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Folklore in the Landscape

Before humans invented alphabets, there were storytellers who transmitted the legends and traditions to each new generation. In our landscapes, garden folklore works much the same way.

Plant lore is so rich. It adds another dimension to gardening. No matter the size of the garden, there’s always room for lots of folklore.

Folklore often explains how certain plants got their names, such as the much-repeated story of Narcissus.

The cypress tree is named for Cyparissus. His story can be seen in floor mosaics from the Roman era showing how he changed into a cypress tree.

According to a Babylonian myth, mulberries were once white. Then a grieving lover, Pyramus, who thought his lover had been killed by a lion, committed suicide. His blood turned the white berries red.

From Greek mythology comes the legend of the hyacinth. It commemorates Hyacinthus, son of the Spartan king Amyclas. In Crete Hyacinthus was worshipped as the god of the flower. In Sparta there was an annual Hyacinthus festival in honor of his death.

Recently there’s been great interest in fairies. In Shakespeare’s time people really believed fairies existed. To this day some people in Iceland believe magical beings reside in rocks.

Fairy gardens are now very popular. To be authentic such a garden must have foxgloves. Originally these flowers were called folk’s gloves for the fairies were known as “little folks.” The individual foxglove blooms were just the right size for their tiny hands. The other common names for foxglove also refer to fairies. These include thimbles, fairy cap, fairy thimble, etc.-you get the idea.

Fairies must have food. And one of their foods was fairy cheese-actually the flattened round seedpods of the hollyhocks and mallows.

According to folk tales, the fairies are always invisible except if you carry a primrose and peer over the petals at them.

The lotus and blue lotus were legendary plants in ancient Egypt. Buddha was depicted sitting on a thousand-petaled lotus blossom to show his detractors he’d found enlightenment (Nirvana).

The Tabasco chile was named for a Yucatan deity during pre-Columbian times.

What is known about the Japanese roof iris? At one time it was grown on rooftops. Earlier the Japanese had thatched or tiled roofs, quite different from modern shingles.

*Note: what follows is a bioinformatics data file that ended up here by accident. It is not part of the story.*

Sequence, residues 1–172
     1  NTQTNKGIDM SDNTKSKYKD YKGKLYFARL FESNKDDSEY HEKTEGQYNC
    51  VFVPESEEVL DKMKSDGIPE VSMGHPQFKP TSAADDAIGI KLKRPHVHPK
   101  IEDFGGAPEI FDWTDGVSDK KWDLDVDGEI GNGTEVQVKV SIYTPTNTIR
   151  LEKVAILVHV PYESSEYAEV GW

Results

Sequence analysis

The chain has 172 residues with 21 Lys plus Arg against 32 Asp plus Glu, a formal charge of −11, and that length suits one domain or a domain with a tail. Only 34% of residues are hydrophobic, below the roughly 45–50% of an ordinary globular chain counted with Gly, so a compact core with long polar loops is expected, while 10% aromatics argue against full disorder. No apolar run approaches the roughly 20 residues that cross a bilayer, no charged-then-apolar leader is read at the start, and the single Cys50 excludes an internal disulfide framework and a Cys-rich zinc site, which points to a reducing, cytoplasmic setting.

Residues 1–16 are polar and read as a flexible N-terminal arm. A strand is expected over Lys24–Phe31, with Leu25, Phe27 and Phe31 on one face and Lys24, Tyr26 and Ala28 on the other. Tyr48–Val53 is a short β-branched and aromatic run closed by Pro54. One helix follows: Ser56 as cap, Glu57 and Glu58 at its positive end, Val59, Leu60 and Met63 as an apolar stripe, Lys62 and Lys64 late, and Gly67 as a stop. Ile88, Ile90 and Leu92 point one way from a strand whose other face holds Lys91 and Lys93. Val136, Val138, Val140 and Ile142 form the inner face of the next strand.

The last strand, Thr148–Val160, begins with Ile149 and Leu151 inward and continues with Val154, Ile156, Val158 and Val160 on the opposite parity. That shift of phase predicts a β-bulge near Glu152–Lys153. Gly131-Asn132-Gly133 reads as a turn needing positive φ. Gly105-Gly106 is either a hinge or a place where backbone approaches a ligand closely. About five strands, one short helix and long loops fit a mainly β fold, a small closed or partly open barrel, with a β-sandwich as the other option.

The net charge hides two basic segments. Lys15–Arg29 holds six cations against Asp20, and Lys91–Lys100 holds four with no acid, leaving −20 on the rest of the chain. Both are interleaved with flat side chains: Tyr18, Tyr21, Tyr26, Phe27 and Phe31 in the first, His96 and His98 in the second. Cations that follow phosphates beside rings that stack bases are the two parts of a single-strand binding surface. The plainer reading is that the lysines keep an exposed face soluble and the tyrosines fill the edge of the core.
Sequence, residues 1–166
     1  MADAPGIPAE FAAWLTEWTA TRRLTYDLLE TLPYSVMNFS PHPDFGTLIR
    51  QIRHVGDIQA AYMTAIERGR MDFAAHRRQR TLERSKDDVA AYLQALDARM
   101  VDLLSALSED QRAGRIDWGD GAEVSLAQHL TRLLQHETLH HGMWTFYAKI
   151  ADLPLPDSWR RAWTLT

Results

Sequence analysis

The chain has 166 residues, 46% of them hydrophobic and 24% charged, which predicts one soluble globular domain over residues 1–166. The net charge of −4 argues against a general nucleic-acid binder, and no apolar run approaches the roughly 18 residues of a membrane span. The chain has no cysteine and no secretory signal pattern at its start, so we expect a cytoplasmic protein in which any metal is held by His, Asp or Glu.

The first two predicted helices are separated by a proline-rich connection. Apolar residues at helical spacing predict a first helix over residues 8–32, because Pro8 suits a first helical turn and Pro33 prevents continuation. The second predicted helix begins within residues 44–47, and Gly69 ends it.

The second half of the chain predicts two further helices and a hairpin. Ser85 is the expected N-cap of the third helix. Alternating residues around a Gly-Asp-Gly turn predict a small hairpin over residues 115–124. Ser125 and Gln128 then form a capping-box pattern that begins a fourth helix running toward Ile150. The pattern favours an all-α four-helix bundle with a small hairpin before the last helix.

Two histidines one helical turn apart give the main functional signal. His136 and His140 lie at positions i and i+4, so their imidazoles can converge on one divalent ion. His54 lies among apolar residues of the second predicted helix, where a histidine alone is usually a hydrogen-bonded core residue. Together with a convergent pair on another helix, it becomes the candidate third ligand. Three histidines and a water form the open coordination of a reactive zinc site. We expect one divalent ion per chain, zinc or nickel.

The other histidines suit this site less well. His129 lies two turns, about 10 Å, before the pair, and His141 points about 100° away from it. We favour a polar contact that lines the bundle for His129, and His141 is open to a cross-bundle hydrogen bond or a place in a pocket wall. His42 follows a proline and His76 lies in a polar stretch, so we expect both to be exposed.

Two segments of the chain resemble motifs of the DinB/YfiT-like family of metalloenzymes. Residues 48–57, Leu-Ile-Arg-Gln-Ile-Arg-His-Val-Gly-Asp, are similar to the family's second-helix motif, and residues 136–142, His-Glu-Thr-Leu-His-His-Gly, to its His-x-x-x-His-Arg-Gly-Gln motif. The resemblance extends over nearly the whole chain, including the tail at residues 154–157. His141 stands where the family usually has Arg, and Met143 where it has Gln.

The houseleek or hen-and-chicks (Sempervivum spp.) were commonly grown on roof tiles where they could charm lightning to strike elsewhere. Lacking modern fire departments that we have now, house fires were a great hazard during those days. So people were right to fear lightning.

Flora was the Roman goddess of spring and of flowers. In a fresco painting near Pompeii she is depicted picking flowers, which she places in a basket.

Western gardeners may think fertilizer is what plants need to be healthy. An ancient custom in India called donada involves singing, stomping on the ground around the tree, and even sometimes hitting the tree. They believed this encouraged growth. Oddly enough there may be some scientific evidence for this practice.

For more fascinating tales of garden folklore, there is no better source than John Baer’s Sons, publishers of the famous Baer’s Agricultural Almanac & Gardener’s Guide. The almanac is a treasure trove of folklore. Among Baer’s other folklore titles are Tree Lore & Legends, Cures & Curiosities, Plant Power, and Mint & Mistletoe.

Even the smallest garden can have a wealth of garden folklore for our enjoyment.

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Content copyright © 2013 by Connie Krochmal. All rights reserved.
This content was written by Connie Krochmal. If you wish to use this content in any manner, you need written permission. Contact Connie Krochmal for details.



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